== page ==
November 2011 – IRAs, sometimes 60 days means just that 60 days!

When it comes to IRAs, sometimes 60 days means just that 60 days!

Many are aware that you can “roll-over” an IRA into another so long as the transferred funds arrive in the new IRA within sixty (60) days following their original withdrawal.

Caution drives many clients to engage in IRA roll-overs through a direct “trustee-to-trustee” transfer (i.e. where the trustee/custodian of your “old IRA” transfers your credit balance to the trustee/custodian of your new IRA).  However, the idea of using the IRA credit balance for sixty (60) days, interest free, is sometimes just too appealing.

But, what happens if you can’t redeposit the funds in your new IRA within sixty (60) days of their withdrawal from your old IRA?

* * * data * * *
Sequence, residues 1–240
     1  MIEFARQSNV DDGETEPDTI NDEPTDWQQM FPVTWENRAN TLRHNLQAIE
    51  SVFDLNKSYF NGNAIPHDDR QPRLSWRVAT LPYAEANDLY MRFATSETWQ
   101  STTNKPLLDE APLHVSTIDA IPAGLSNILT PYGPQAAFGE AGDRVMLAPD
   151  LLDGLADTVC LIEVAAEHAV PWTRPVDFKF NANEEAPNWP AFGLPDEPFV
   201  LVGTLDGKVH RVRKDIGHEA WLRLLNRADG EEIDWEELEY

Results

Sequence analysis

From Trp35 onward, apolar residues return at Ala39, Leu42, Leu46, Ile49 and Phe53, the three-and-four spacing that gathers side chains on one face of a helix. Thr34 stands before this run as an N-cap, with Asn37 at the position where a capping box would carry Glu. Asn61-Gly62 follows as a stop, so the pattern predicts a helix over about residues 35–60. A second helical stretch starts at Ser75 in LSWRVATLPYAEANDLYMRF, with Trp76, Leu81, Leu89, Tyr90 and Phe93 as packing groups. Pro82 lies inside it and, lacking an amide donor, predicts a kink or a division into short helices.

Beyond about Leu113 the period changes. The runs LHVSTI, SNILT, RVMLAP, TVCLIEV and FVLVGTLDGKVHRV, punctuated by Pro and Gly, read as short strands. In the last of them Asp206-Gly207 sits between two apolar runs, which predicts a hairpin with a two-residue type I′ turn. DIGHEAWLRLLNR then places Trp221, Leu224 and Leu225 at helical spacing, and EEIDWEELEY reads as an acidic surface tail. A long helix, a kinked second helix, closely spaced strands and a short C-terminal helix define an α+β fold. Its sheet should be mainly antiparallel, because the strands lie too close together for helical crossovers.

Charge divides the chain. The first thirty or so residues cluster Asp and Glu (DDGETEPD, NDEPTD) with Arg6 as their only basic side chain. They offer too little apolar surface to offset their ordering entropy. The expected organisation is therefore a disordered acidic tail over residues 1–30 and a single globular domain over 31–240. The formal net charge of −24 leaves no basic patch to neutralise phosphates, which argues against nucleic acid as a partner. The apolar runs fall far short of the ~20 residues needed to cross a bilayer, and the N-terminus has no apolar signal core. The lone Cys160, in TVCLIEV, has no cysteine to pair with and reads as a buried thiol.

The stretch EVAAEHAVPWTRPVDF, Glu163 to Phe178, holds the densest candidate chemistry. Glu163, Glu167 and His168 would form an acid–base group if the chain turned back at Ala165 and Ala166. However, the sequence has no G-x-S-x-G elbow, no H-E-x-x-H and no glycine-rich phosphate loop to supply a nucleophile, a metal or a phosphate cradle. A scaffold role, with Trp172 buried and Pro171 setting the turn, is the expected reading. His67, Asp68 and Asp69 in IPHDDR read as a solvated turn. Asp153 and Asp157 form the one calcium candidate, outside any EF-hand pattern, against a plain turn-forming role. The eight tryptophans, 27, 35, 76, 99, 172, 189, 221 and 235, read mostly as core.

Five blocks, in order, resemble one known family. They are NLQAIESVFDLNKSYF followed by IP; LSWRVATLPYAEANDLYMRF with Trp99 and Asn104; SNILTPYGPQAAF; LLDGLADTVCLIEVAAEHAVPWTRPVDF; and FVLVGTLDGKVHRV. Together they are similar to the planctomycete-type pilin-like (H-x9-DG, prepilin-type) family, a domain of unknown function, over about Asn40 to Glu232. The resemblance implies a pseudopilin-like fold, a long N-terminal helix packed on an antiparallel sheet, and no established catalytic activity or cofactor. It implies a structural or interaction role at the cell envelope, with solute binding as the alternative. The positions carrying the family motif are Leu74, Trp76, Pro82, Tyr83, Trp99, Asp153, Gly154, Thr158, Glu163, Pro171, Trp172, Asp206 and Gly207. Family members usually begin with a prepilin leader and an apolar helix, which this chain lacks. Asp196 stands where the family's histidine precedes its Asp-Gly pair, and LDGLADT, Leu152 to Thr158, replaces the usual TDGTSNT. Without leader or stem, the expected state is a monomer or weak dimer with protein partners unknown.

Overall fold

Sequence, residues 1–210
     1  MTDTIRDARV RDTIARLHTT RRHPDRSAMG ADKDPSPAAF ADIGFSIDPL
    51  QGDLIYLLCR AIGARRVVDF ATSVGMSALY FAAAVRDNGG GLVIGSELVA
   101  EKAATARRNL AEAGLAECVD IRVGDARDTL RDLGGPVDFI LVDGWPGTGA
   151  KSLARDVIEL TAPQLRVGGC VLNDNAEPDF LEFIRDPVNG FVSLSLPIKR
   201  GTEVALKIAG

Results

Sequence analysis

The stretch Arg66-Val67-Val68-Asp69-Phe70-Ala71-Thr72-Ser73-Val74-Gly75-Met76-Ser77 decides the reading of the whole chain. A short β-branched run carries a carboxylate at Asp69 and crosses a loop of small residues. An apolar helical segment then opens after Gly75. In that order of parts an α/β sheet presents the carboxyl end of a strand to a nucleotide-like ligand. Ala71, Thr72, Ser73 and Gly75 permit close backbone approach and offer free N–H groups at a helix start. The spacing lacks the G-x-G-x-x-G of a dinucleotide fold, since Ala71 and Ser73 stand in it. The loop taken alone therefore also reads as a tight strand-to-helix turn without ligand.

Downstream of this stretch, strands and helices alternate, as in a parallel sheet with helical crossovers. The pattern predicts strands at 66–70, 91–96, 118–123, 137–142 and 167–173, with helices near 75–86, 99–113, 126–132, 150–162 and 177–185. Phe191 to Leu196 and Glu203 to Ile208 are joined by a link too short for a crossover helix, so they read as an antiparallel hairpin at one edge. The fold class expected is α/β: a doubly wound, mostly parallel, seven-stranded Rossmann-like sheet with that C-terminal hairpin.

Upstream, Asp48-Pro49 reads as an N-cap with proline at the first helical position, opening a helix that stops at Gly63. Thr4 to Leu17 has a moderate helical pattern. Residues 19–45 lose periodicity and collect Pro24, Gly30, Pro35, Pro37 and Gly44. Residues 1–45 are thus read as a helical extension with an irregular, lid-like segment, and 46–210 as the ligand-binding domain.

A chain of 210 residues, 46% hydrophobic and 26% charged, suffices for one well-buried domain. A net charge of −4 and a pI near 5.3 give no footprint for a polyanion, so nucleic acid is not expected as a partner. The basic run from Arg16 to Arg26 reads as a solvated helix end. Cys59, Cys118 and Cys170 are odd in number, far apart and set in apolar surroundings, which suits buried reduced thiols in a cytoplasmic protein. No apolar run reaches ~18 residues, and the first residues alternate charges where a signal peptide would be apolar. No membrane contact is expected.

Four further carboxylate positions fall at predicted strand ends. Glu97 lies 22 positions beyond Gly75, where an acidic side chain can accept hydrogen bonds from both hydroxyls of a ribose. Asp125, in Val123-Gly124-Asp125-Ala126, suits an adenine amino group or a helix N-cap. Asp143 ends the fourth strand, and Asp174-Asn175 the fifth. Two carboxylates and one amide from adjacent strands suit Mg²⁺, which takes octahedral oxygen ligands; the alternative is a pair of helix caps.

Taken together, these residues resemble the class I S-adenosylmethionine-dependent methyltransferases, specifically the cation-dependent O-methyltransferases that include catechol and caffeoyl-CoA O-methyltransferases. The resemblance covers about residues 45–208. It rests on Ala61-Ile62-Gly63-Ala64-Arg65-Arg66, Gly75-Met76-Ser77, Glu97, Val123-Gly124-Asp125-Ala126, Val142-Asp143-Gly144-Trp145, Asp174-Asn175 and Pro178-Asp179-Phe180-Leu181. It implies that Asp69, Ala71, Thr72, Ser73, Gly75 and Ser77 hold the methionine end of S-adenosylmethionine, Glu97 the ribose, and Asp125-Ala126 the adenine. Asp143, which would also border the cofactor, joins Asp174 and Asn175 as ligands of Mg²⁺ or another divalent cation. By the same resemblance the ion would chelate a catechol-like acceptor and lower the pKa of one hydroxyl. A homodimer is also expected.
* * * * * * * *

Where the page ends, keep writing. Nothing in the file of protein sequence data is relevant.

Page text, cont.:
The IRS has been fairly lenient in granting “waivers of the sixty (60) day time limit” in some circumstances on the back of a 2003 Revenue Procedure (the “2003 Procedure”).  Recently, the IRS issued a private letter ruling holding that where the account holder employs the IRA funds in a transaction which prevents those funds’ from being deposited timley in the new IRA, the 2003 Procedure will not save their tax-free roll-over.

So mistakes by the old and new trustees/custodians can earn 2003 Procedure protection, but acting like a arbitrageur with your IRA roll-over funds leaves you without 2003 Procedure protection.

A failed IRA roll-over produces regular income tax on the withdrawal as well as a 10% penalty tax where the account holder isn’t 59 ½.

If you’re planning an IRA roll-over, or a Roth conversion, contact your Holbrook & Manter tax representative and be safe rather than sorry.

TAGS: Compensation planning; IRA